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Court of Appeal, Second District, Division 1, California.

The PEOPLE of the State of California, Plaintiff and Respondent, v. Marshall Roy LURIE, Defendant and Appellant.

Cr. 12981.

Decided: December 18, 1967

Sherman & Sturman and Richard G. Sherman, Beverly Hills, for appellant. Thomas C. Lynch, Atty. Gen., William E. James, Asst. Atty. Gen., and Howard J. Bechefsky, Deputy Atty. Gen., for respondent.

D'Allesandro, Lynn Jenkins and Lurie were found guilty of second degree burglary (s 459, Pen.Code) and grand theft (s 487, subd. 1, Pen.Code); the same charges were dismissed as to Jenkins on her motion (s 995, Pen.Code). Defendants were sentenced to the state prison on each count, but sentence on the grand theft conviction was stayed pending service of sentence on the burglary, the stay thereafter to become permanent. This appeal involves Lurie only.

On March 23, 1965, the apartment of Sylvia Elkins was forcibly entered and four furs and two sweaters worth $9,350 were stolen.

Appellant's main contention is that there was no probable cause for arrest and that the evidence, the result of an illegal search and seizure, was inadmissible. In the absence of a warrant a peace officer may arrest a person whenever he had reasonable cause to believe that the person arrested has committed a felony. (s 836, subd. 3, Pen.Code; People v. Torres, 56 Cal.2d 864, 866, 17 Cal.Rptr. 495, 366 P.2d 823; People v. Fischer, 49 Cal.2d 442, 446, 317 P.2d 967; People v. Ingle, 53 Cal.2d 407, 412, 2 Cal.Rptr. 14, 348 P.2d 577; People v. Schader, 62 Cal.2d 716, 722, 44 Cal.Rptr. 193, 401 P.2d 665.) ‘To constitute probable cause for arrest, a state of facts must be known to the officer that would lead a man of ordinary care and prudence to believe, or to entertain a strong suspicion, that the person arrested is guilty.’ (People v. Hillery, 65 Cal.2d 795, 803, 56 Cal.Rptr. 280, 285, 423 P.2d 208, 213; People v. Cockrell, 63 Cal.2d 659, 665, 47 Cal.Rptr. 788, 408 P.2d 116; People v. Stewart, 62 Cal.2d 571, 577—578, 43 Cal.Rptr. 201, 400 P.2d 97; Jackson v. Superior Court, 62 Cal.2d 521, 525, 42 Cal.Rptr. 838, 399 P.2d 374.) ‘No exact formula exists for determining reasonable cause, and each case must be decided on the facts and circumstances presented to the officers at the time they were required to act. (People v. Ingle, supra, 53 Cal.2d at p. 412(2), 2 Cal.Rptr. 14; People v. Ferguson, 214 Cal.App.2d 772, 775(4), 29 Cal.Rptr. 691.)’ (People v. Ross, 67 Cal.2d 64, —- - —-, 60 Cal.Rptr. 254, 259, 429 P.2d 606, 661.)a With these rules in mind we review the information in the possession of Sergeant Evans at the time the defendants were arrested.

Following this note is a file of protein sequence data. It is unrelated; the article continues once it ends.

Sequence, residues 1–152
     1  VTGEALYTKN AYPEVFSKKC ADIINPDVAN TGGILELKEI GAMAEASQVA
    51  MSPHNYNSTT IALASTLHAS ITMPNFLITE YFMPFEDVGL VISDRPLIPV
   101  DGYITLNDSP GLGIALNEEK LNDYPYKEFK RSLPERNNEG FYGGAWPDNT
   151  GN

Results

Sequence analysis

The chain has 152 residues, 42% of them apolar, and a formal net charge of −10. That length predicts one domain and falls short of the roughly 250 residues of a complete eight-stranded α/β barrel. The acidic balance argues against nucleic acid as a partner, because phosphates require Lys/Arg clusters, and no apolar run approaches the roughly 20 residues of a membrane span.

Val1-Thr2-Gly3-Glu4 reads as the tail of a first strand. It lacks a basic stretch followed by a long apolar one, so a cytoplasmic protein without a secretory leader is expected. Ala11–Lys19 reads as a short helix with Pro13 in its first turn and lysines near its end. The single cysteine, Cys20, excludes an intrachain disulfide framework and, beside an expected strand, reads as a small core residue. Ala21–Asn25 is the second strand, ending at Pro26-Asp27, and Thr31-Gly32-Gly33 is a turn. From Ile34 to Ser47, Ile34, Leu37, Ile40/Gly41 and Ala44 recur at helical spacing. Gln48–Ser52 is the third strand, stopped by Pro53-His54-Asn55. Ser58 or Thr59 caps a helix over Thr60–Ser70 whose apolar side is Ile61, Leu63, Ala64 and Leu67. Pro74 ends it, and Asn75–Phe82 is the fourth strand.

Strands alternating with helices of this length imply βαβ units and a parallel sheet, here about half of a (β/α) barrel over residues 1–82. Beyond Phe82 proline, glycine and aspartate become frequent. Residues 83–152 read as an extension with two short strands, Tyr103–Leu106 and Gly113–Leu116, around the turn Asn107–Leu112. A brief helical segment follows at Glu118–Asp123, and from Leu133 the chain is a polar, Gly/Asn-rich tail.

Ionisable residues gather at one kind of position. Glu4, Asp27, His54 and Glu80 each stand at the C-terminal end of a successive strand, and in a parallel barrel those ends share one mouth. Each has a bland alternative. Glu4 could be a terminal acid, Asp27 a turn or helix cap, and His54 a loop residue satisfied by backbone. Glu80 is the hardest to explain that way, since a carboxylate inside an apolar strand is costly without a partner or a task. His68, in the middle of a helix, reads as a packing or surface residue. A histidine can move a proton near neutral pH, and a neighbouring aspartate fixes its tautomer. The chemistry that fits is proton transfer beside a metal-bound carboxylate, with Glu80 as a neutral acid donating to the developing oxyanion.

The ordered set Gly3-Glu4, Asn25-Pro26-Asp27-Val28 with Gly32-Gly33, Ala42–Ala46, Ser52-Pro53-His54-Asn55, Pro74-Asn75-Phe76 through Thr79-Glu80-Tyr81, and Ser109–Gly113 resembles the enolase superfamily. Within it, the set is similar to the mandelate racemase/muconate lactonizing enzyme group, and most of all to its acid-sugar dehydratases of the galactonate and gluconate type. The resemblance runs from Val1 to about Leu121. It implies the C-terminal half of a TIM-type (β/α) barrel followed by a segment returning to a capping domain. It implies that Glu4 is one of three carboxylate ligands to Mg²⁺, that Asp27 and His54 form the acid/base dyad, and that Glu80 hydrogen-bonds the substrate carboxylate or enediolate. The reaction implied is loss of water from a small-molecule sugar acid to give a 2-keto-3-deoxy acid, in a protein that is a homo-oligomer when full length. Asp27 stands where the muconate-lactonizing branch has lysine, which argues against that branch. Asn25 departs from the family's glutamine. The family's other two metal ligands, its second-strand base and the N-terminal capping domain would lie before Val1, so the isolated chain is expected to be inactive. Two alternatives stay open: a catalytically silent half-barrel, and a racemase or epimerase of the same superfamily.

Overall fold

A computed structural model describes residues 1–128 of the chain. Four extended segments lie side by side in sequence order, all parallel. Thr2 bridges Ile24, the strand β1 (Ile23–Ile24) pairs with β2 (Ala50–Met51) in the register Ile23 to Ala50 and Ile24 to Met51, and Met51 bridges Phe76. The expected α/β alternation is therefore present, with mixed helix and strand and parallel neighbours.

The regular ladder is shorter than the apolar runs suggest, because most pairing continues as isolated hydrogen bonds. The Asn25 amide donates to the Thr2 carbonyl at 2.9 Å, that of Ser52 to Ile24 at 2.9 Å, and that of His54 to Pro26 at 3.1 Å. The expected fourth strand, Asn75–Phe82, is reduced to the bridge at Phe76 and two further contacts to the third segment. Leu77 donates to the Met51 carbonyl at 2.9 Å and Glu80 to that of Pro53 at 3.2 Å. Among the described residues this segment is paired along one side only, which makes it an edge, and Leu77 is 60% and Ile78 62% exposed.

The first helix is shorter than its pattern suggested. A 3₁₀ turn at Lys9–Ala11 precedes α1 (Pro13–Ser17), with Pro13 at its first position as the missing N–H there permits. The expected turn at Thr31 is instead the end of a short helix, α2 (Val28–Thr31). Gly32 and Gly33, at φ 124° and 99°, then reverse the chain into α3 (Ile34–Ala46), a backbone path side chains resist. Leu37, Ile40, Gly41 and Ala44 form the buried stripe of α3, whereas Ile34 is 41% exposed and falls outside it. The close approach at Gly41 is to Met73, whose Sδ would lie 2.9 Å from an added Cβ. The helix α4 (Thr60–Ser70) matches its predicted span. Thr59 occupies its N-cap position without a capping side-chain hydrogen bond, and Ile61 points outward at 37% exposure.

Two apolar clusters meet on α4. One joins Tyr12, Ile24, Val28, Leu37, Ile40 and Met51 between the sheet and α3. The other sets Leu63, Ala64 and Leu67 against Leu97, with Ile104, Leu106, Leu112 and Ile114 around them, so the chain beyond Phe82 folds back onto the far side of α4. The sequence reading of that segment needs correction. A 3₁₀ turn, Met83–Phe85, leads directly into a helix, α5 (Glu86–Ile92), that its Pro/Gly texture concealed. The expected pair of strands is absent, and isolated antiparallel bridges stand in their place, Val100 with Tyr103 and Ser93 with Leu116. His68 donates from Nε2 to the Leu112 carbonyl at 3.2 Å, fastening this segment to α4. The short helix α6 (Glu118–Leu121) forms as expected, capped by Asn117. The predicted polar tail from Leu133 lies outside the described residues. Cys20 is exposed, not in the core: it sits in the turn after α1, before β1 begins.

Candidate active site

Sergeant Evans, detective, Los Angeles Police Department, for 13 or 14 years a robbery investigator, had extensive experience with methods of operations of particular criminals as related to particular crimes. On March 27, 1965, he and Sergeant Calvert began an investigation of a half million dollar robbery at I. Magnin Co., in which expensive jewelry was taken. He knew from experience that the robbery had been perpetrated by professionals because of the merchandise selected, they used masks and threw a smoke bomb into the store and the job was well planned; he believed that this kind of robbery, its size and the modus operandi, pointed to a professional job most likely by someone from out of town. Thus, the officers checked local criminal records and those of other law enforcement agencies, and all newcomers to the city which revealed that defendants, from Chicago, had been in Los Angeles for only eleven days. Defendants' records shows that they had been arrested for implication in other robbery situations in Chicago and New York, affiliated with gangs in the east and involved in gang-type activities. D'Allesandro had been arrested in Los Angeles in 1952. An investigating team showed mug shots of defendants to I. Magnin employees who identified them as persons they had seen in the store ‘just prior to the robbery, casing the store, which was the day before the robbery.’ The team described defendant's activity as ‘casing’; and Sergeant Evans knew from the nature of the store robbery that it had been ‘cased.’ The foregoing information evaluated in the light of his long experience in cases of this kind led Sergeant Evans to suspect defendants in connection with the I. Magnin robbery; thus on March 29, 1965, on a hunch that defendants would be leaving town, he and his partner went to the Los Angeles International Airport. For four hours they checked flights to the east coast working all of the terminals. Sergeant Evans testified that they were about to give up when around 4:10 p.m., while in the TWA terminal they observed defendants, whom they recognized from mug shots in their possession, and Miss Jenkins walk to the gate, present tickets to the agent and go toward a plane bound for New York. At that time the officers stepped out, identified themselves, and arrested all three.